Now that IT organizations are getting more comfortable with containers, IT vendors are starting to position themselves to provide the frameworks through which all those containers will be managed. SUSE has become the latest to join the pack with the release of a beta version of a SUSE Container-as-a-Service (CaaS) Platform that is optimized for managing container deployments on bare metal servers.
Although most containers today are deployed on top of virtual machines, SUSE CTO Thomas Di Giacomo says it’s only a matter of time before many more containers are running on bare-metal servers. Developers have enthusiastically embraced containers to make it easier to update and distribute their applications. But IT operations teams, for the most part, don’t have frameworks in place to directly manage those containers. Because of that issue, it’s more practical for IT operations to deploy those containers on top of virtual machines. But that approach also limits the number of containers that can be run per physical servers. Di Giacomo says a desire to maximize server utilization as much as possible will push IT organizations away from virtual machines.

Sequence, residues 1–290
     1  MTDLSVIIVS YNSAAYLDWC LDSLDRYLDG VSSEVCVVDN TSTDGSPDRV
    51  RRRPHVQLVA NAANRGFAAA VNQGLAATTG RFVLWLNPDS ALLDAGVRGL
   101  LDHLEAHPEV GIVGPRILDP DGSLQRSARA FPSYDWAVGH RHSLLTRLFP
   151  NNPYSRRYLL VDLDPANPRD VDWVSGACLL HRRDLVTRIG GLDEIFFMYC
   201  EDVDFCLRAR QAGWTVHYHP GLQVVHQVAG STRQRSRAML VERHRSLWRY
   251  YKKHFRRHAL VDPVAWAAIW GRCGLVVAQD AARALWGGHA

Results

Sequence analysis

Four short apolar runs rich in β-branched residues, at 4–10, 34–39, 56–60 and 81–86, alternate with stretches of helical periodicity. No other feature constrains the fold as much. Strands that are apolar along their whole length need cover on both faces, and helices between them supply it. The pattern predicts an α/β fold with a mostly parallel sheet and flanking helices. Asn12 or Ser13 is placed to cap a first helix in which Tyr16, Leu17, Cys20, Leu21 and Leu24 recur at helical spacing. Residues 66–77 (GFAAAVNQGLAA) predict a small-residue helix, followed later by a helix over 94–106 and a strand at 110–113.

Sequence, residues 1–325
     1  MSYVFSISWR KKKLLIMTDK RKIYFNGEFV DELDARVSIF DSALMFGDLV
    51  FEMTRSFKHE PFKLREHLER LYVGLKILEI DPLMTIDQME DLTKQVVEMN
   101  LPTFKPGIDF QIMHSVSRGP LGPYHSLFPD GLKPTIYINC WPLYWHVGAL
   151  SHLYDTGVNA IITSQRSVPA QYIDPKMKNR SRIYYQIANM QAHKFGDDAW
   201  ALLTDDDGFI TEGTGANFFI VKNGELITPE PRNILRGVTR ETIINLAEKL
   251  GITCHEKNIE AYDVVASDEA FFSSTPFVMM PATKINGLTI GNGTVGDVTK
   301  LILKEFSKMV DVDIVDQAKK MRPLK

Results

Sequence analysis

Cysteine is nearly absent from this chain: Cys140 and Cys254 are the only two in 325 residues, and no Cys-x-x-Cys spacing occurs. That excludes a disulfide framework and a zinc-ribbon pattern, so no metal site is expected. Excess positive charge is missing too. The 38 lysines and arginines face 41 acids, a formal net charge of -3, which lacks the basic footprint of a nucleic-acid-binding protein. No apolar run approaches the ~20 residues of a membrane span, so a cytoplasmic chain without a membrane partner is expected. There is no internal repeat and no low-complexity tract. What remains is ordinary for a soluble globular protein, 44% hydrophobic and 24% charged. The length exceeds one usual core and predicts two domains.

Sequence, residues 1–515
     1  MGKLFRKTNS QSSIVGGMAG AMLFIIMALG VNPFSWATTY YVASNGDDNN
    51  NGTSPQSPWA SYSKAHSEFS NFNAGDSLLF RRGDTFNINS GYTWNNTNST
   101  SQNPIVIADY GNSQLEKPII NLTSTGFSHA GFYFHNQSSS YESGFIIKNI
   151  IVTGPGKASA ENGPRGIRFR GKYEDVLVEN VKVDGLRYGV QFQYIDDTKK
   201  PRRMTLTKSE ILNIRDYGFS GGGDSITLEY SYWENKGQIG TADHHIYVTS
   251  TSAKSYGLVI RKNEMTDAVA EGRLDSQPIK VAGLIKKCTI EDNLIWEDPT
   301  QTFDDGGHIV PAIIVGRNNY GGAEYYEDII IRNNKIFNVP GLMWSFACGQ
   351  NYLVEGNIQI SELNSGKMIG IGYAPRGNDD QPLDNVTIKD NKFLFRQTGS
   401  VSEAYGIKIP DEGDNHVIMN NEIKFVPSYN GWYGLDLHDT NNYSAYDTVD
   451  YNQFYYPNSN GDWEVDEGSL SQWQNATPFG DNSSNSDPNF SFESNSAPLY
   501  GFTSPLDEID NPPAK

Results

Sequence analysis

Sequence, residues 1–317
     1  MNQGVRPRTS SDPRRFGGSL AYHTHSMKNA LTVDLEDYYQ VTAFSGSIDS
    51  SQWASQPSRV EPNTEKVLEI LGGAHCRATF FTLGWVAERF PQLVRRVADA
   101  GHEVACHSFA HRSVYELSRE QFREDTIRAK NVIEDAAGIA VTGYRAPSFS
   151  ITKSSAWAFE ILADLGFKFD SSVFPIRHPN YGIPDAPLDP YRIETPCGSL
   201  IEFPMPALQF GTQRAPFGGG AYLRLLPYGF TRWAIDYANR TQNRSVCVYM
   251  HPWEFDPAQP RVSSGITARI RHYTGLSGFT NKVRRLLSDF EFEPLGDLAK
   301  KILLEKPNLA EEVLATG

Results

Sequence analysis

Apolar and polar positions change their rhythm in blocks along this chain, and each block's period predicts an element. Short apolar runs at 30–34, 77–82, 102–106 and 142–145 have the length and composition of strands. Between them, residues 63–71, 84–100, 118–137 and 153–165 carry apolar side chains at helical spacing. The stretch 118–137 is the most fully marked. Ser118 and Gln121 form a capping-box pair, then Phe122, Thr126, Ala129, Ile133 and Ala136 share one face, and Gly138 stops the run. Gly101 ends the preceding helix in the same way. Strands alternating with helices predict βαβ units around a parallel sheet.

To facilitate that transition, SUSE is providing organizations with early access to a CaaS environment running on top of a SLE MicroOS host and the Kubernetes container orchestration engine. Within that environment, SUSE is also employing open-source Salt automation software along with other routines to automate the container management process.
SUSE already makes available an implementation of Kubernetes running on OpenStack, which some organizations use as an alternative to VMware for deploying containers on top of an open-source virtual machine. But Di Giaccomo says the SUSE CaaS platform signals that SUSE expects to see a major shift in how containers are deployed and managed. As an indication of how serious SUSE is about containers, it also is now a gold member of the Cloud Native Computing Foundation (CNCF), which oversees Kubernetes alongside several other container technology projects.
There’s a lot of debate these days in the open-source community concerning where Kubernetes ends and other frameworks such as OpenStack will begin. The latest version of Kubernetes can span as many as 5,000 nodes. There’s even an effort underway lead by Google, Intel and Mirantis to port OpenStack to Kubernetes.
Of course, Kubernetes is not the only orchestration engine in the container game. But it does seem to have attracted the broadest amount of support across the industry, resulting in a lot of engineering resources being poured into make Kubernetes a viable platform the enterprise. The benefit of a CaaS platform built on top of Kubernetes is to not only abstract away some of the underlying complexity associated with Kubernetes, but also automate as many manual function as possible.
In the meantime, most IT organizations will spend much of the next year coming up to speed on container management before deciding of and to what degree they want to abandon their existing IT management frameworks.